The men's coaches also name just one All-American from each region. Therefore, if you are judged to be the second-best player in a region, even if you are better than the first-team player in every other region, you cannot be a first-team All-American. This doesn't make sense, and leads to situations where an NBA first-round draft pick wasn't named first-team All-American. Why should a region with 37 teams be guaranteed equal representation as one with 60 teams?
Also, the nominating for each set of awards is done by different people, so it's possible that someone nominated for one team was not nominated for the other.
Division III recruiting info is a mixed bag. There's no national signing day, no letter of intent and nothing binding a kid to actually attend the school, or even to play basketball once they're there. You don't truly know what recruits you have until they show up in August for classes. And even then there's always a shot they don't come out for the basketball team. That, in combination with the fact that many key D-III players are not on the radar of the people who rank college prospects, is why there isn't any national recruiting news at this level.
We almost never get rid of a story completely. During the season we keep the latest four to six stories on the front page of the site, and once a story is older, it gets moved back to our Notables page. There's a link to the Notables page on the top of every news page, plus s description of the latest two to four Notables items in the upper right-hand corner of news pages.
To find a story from a particular date, click on Notables, then find the appropriate dates in the right-hand column. We've had Notables on the site since 1997, so there are a lot of old news items if you're interested in recent D-III history.
If the story was a link to Around the Nation, click on Around the Nation under the Columns menu.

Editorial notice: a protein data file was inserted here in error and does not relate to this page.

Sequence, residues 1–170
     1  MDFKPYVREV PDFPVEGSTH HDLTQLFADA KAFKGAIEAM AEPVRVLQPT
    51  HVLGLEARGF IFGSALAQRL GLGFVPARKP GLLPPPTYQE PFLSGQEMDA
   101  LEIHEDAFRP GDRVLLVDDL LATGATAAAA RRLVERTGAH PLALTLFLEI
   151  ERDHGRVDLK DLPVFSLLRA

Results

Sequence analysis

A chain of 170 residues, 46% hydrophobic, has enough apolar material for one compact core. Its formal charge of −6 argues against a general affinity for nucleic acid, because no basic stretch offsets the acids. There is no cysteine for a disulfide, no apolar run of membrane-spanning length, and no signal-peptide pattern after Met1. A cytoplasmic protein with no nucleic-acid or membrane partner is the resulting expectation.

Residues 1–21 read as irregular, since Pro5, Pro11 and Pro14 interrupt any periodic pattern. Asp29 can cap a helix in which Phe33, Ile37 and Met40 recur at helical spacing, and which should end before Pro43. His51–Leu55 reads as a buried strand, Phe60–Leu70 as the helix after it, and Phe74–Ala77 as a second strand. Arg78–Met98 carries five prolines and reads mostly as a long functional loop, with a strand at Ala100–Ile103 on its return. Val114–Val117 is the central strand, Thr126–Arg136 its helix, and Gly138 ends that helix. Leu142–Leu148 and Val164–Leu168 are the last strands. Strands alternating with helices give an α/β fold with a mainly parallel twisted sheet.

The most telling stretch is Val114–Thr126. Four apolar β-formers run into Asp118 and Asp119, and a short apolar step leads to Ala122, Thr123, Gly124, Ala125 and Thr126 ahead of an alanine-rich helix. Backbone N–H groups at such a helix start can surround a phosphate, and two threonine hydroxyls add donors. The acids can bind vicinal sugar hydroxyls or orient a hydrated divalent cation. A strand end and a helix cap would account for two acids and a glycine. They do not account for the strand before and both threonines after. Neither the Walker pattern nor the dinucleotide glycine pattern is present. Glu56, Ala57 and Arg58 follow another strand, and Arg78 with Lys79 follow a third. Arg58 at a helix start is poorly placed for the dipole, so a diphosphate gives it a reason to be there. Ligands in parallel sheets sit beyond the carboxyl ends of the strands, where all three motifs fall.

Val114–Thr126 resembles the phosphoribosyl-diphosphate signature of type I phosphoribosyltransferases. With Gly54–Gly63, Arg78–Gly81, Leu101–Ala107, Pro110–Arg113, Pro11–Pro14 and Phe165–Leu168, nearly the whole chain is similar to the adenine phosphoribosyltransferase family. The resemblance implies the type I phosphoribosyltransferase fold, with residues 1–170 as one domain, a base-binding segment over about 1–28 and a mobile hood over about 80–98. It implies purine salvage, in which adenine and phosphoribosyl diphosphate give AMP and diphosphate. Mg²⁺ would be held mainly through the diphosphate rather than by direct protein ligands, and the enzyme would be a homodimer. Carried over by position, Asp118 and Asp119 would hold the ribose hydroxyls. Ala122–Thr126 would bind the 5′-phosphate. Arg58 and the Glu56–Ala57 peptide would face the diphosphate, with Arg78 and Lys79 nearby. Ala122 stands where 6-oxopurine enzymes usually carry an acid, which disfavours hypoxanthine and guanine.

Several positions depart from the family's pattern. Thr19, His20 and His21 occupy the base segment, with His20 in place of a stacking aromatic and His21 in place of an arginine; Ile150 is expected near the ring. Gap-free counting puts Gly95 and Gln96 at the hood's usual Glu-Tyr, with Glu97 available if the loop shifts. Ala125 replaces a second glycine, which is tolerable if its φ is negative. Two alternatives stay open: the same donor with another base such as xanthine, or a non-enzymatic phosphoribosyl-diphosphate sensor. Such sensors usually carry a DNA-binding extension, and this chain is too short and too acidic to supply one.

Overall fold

New schools entering Division III must go through a provisional period, during which the NCAA ensures the school is in compliance with Division III rules. Typically the process is four years for schools entering from Division II or from another organization, such as the NAIA. In the fifth year, a school is eligible for the NCAA Tournament.
We get our enrollment figures from the U.S. Department of Education, and the figure represents full-time undergraduate students. We've done this for consistency's sake, since some schools send us full-time numbers, some all undergraduates, and nearly all round the number up. When updated numbers are available from the DOE, we'll update.
Conference tiebreakers are not standard throughout Division III. Each conference makes its own list. Please contact the conference itself with your question.
If there is a tie for first place in a conference that does not have a tournament, the conference chooses who will get the automatic bid, not the NCAA.
You are not permitted to redshirt in Division III. Redshirting is the practice of having a player attend and participate in practices but not play in any games, preserving a year of eligibility.
Medical redshirting is still permitted at the Division III level. The general guideline is that you must have played one-third of the scheduled games or less in order to be eligible. If you suffer a season-ending injury in that time-frame and can document it, your conference (or athletic director, if an independent) can file paperwork with the NCAA on your behalf to restore a season of eligibility.
So-called "routine" redshirting is still permitted at other levels and to our understanding those redshirts are recognized by Division III. (You will want to confirm with your school's compliance officer if you are transferring in.) That is, if you redshirted outside of Division III and then transferred to a D-III school, you would not be forced to give up that year of eligibility. (To redshirt in this manner you may not appear in any games whatsoever.) Conferences are free to not recognize these redshirts, and in fact, the MIAC has not as long as we've been covering D-III.
And of course, anyone who had a routine redshirt year at a Division III school before Aug. 1, 2004, has that redshirt grandfathered in.
All Division III basketball schools have a username and password given to the Sports Information office. They may use this to post press releases (and scores and game stories) directly on our site.